10-pounders are hot topic at Toledo Bend

Wouldn’t you know it?

About a month ago, I wrote that January should be a month when unseasonably warm temperatures prompt bass to move into shallower depths at Toledo Bend.

I based that on January of 2017, and the fact is winters just aren’t like they once were in Northwest Louisiana. Heck, multiple 10-pound-plus bass — some real hawgs — were caught last January.

Well, we’ve already experienced an Arctic cold front that swept through all of Louisiana. It dropped the lake’s water temperatures into the 40s, — something that hasn’t happened in quite some time, which means those bass anglers who have been scoring well on ½-ounce C.C. Spoons and tailspinners should continue to catch bass deep like they have been at times in December.

As for February, I foresee it being a lot like March as far as successful bass fishing patterns north to south and east to west on Toledo Bend. I believe bass anglers who want to fish the lake that was ranked No.1 two consecutive years by Bassmaster Magazine have to throw the old playbook away if they want to catch bass in February. Oh, sure, I’m positive some bassers will continue to catch bass in 25- to 35-foot depths on the aforementioned spoons and tailspinners, but that’s subject to change in February.

Why? Warmer temperatures aside, the pool level should be somewhere around 167 feet. Toledo Bend was low like that last year at this time ,and when the water warmed — even a little for several days — bass stormed the beaches in the back end of creeks and coves. That is likely again this year barring heavy rain in late January. Bass will seek those areas where the water temperature is 1 to 2 degrees higher than other areas, which makes the back end of creeks and coves hotspots if and when the water temperature rises into the 62- to 65-degree range, which normally happens in the afternoon. Yeah, you definitely don’t have to be an early bird to catch bass in February.

I’m talking about bass of all sizes, notably double-digit bass. Ten-pound-plus bass should make a major move to hit the beaches in February, just like they did last year.

Their aim is to get on their beds, but it remains to be seen how much bedding activity there might be. For sure, the big girls don’t have to have ideal conditions to swim into the shallows, get on a nest and lay their eggs. When those big ones are biologically ready, they’ll be there — it doesn’t have to be prime time.

If ever there’s a time to hook up with a double-digit bass, it should be sometime in February. It’s the pre-spawn. The key to getting them in the boat is to spend time on the lake, and the law of averages will eventually catch up with you favorably.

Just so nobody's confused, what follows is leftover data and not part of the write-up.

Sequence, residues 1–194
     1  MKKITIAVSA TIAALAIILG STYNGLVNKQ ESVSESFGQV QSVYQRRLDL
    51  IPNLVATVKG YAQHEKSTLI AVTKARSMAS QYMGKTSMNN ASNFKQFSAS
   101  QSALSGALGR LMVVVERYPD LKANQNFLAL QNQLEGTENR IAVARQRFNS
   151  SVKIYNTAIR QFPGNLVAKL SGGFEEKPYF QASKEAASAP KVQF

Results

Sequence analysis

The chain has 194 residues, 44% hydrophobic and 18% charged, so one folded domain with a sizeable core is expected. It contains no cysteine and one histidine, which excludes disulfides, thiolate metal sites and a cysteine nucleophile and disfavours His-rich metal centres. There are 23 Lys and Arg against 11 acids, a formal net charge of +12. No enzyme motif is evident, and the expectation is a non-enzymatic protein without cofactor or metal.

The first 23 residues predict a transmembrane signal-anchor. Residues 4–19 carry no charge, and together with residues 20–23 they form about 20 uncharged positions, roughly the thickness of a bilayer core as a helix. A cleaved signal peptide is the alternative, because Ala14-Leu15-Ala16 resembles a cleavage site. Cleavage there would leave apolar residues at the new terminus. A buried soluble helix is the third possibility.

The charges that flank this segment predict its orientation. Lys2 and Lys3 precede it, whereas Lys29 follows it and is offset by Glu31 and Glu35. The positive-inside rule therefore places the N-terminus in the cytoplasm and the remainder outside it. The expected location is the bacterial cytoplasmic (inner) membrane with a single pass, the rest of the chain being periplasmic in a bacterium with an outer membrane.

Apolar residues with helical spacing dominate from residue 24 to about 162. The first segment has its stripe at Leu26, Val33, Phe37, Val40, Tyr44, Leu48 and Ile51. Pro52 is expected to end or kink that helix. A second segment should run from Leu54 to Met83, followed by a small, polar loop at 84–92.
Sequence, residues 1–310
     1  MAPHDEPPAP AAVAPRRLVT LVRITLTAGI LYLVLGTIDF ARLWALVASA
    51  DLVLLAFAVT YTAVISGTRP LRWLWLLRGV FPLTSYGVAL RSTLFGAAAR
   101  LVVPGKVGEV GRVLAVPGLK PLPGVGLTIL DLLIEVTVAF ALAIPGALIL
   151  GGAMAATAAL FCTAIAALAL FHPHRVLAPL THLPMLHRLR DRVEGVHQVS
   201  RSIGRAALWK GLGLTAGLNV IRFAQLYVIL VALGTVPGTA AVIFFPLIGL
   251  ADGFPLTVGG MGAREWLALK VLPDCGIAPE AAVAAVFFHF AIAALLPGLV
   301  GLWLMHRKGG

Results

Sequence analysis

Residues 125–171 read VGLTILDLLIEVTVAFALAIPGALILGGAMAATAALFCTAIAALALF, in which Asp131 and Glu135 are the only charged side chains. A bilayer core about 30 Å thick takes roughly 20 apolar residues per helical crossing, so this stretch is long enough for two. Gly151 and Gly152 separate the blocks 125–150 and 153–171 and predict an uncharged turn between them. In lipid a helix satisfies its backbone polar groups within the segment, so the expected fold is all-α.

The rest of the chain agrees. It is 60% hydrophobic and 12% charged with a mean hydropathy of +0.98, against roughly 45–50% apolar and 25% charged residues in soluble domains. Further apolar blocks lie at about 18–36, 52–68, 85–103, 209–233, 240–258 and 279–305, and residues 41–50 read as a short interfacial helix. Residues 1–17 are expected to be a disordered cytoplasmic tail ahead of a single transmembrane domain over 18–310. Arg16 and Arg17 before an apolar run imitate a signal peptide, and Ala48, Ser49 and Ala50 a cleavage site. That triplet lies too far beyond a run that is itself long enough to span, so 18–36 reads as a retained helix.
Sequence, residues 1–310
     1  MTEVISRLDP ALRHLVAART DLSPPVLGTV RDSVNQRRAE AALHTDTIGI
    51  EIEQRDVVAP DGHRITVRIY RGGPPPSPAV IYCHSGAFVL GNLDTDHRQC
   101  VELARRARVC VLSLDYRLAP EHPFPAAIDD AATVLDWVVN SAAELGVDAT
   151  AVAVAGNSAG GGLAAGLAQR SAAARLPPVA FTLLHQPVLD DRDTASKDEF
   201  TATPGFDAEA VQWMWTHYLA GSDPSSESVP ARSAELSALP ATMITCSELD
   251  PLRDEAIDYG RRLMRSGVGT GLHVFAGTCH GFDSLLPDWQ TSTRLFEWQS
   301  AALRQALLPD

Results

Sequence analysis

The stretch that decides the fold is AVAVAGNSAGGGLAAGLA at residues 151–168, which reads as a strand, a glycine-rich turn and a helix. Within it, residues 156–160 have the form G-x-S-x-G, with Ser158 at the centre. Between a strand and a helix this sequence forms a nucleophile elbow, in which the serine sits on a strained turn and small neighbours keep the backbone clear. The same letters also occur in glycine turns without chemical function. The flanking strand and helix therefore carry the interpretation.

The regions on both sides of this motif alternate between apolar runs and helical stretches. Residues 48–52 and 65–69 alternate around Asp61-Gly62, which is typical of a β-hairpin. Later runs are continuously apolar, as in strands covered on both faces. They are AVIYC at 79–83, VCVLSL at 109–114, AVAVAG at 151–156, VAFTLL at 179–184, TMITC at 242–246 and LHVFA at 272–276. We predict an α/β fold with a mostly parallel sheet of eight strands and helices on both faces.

Last February, there were 10-pound-plus fish being weighed at official weigh stations two and three times a day sometimes.

Yes, I’m confident we’ll be looking at warmer days and warmer water at times. Sure, we’ll have cold fronts, but we’ll also have consecutive days of warm weather following them.

February’s going to be good. It might be up and down a little bit due to the systems. But stick with it and stay in the drains, the migration routes to the back end of creeks and coves, and when it warms up to the 60s or so, target bass in 8-foot depths and less.

What to throw? Search baits.

And the No. 1 lure in February is the ½-ounce Rat-L-Trap. I’ve got 100 Rat-L-Traps of different colors ready to go for February. Sometimes I’ll throw a ¾-ounce (Magnum) model, which the hawgs like to eat at times.

Color? This is the month to rely on Rayburn red, crawfish-colored and gold models of Rat-L-Traps.

Also try other search baits, like shad-colored ChatterBaits. They’ll be effective, too, as will the newest player, A-Rigs, which will continue to make a statement each February.

Jerkbaits? Generally, the water temperature usually has to be in the 70s for them to produce as consistently as Rat-L-Traps and ChatterBaits.

In late February and March, it’ll be high time to offer more Carolina-rigged soft plastics. Heck, the C-Rigs might work well in February, too.

And if and when bass are on their beds, soft plastics produce.

If you want to catch bass in February, I’ve been guiding on this lake most of my life and you’re more than welcome in my boat. Give me a call at (936) 404-2688.

About John Dean 96 Articles
John Dean has been guiding on Toledo Bend most of his life. If you’d like to join him on a trip, give him a call at (936) 404-2688.